Only a small percentage of the plays (some seven hundred) written during the Golden Age of Elizabethan drama (1590-1610) survive into print (Nolan 30). Popular drama in the 1580s existed as no more than the street professions of clowns and jugglers performing the occasional dramatic interlude (Nolan 35). As with the "bohemian" and "hippie" youth movements in New York City, Los Angeles, San Francisco and other American cities during the sixties, bands of reckless youth with working-class and college educations invaded the London urban underworld and street culture in the latter half of the sixteenth century, living mostly by their own wits and talents. In their early careers, they wrote for local actors of street plays, much like the early Beatles, Roy Orbison, Willie Nelson and Buddy Holly wrote material for other more popular performers in Liverpool and Nashville before they received their big break in the business (Rinehart). Employing the vagabond actors and performers living in the poorer back streets of London, they kindled an age of dramatic art that blazed for one single twenty-year episode, leaving only a few names like Shakespeare etched in the minds of middle-class London merchants and consumers of that age ("Elizabethan London").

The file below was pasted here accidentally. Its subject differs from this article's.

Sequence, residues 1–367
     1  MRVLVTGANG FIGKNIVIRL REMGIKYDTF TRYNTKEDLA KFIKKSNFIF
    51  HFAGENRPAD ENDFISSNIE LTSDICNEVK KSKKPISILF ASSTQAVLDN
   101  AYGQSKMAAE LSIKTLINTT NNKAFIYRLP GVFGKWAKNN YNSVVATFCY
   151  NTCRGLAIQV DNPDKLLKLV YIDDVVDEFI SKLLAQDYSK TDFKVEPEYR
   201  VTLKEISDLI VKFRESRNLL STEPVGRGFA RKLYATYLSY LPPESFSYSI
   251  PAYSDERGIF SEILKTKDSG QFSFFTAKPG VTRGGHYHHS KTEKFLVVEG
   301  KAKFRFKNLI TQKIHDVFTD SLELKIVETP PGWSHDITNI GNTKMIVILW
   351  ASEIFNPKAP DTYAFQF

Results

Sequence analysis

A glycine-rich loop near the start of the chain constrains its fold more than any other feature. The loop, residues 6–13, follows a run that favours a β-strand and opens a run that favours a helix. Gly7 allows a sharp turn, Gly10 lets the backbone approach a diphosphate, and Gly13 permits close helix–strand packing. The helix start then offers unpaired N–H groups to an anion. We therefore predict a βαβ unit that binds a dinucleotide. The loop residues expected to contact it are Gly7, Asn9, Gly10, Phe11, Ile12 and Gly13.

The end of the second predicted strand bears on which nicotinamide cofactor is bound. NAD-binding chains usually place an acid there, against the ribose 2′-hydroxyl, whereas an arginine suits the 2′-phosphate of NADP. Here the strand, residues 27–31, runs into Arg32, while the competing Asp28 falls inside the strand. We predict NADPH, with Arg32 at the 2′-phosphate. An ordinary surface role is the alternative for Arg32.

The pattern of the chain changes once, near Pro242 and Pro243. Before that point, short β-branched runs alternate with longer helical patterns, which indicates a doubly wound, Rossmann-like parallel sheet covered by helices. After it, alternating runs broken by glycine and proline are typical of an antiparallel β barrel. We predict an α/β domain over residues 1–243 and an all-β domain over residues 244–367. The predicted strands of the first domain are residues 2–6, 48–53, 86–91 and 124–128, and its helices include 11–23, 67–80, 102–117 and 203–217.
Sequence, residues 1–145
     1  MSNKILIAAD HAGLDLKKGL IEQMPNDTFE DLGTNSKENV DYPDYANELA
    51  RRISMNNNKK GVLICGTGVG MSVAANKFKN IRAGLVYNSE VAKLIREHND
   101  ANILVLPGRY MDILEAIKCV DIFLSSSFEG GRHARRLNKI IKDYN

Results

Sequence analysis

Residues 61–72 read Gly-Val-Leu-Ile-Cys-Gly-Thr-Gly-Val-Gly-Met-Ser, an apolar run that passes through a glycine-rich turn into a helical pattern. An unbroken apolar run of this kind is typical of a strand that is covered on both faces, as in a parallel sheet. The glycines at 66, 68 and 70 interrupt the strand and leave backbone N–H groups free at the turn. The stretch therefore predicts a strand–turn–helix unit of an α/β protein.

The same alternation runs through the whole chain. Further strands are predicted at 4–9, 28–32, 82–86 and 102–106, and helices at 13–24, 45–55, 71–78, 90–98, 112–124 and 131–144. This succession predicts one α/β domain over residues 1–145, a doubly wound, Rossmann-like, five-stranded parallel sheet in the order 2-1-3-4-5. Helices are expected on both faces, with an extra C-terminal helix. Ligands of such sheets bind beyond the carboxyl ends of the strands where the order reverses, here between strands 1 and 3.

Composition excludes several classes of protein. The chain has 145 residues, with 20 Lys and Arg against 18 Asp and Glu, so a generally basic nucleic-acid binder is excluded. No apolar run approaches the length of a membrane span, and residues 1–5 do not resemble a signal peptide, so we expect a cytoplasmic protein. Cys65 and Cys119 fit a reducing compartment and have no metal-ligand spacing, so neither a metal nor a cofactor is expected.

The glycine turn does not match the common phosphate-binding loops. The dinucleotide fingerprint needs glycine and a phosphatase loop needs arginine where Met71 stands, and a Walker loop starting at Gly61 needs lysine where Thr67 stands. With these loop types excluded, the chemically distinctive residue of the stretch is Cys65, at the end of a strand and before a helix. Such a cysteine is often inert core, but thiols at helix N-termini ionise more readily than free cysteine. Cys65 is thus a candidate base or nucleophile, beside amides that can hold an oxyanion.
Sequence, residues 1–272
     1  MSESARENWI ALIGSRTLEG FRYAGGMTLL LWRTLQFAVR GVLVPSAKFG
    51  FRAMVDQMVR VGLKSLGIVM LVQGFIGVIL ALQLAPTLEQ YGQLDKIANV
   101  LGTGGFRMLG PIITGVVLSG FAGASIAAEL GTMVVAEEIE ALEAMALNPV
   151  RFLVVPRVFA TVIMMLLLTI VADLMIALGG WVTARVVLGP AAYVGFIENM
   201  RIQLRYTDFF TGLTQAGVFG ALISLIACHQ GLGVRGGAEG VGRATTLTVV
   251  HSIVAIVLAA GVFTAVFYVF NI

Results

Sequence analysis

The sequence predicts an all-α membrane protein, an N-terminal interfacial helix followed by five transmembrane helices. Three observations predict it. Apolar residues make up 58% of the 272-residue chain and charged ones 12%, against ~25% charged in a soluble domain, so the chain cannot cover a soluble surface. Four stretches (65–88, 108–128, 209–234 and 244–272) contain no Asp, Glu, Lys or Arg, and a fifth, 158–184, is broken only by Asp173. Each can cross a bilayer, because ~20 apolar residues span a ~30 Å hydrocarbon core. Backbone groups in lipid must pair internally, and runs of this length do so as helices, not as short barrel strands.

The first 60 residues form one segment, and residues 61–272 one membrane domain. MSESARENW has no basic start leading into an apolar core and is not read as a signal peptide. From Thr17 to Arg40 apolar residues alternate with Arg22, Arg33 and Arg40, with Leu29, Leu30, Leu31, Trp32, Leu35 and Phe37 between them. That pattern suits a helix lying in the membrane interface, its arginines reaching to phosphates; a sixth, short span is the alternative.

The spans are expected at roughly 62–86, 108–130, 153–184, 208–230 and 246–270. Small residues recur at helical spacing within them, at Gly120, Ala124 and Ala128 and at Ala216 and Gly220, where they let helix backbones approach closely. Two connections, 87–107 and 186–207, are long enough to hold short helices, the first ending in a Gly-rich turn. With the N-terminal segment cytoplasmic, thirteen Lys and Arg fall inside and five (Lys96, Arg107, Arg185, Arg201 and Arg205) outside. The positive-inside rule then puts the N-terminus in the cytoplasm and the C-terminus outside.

As Elizabethan drama blazed only briefly, few intellectuals paid specific attention to the plays during the years of their performance (Folgeroy); the critics of the time scoffed at them (Hall 2: 126). Future scholars of drama appreciated the Elizabethan era only as they were raking over the ashes of a vanished art form (Ardath, "Searching"). Even Shakespeare had no candid biographer to chronicle the impor...
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Mute Cybelines: Shakespeare's Women. Narr. Diana Riggs. Dir. Anthony Hale.
2 episodes. PBS. WEBA, Boston. 26-27 Oct. 1985.
Nolan, Paul. "The Nature of Elizabethan Drama." Shakespeare Quarterly
14.3-4 (1986): 29-45.
Riggs, Diana, narr. Mute Cybelines: Shakespeare's Women. Dir. Anthony Hale. 2 episodes. PBS. WEBA, Boston. 26-27 Oct. 1985.
Rinehart, Thomas. Personal interview. 27 Feb. 1990.
Recome, Robert. "Re: Biography: Shakespeare." Online posting. 6 July 1999. shak-L. Shaksper: The Global Electronic Conference. 27 June 1999. http://www.arts.ubc.ca/english/iemls/shak/shak-L.html
Smith, Logan Pearsall. "On Reading Shakespeare." New York Times 20 Feb. 1989, natl. ed.: C23.
Who was Shakespeare? New York: Folger Library, .
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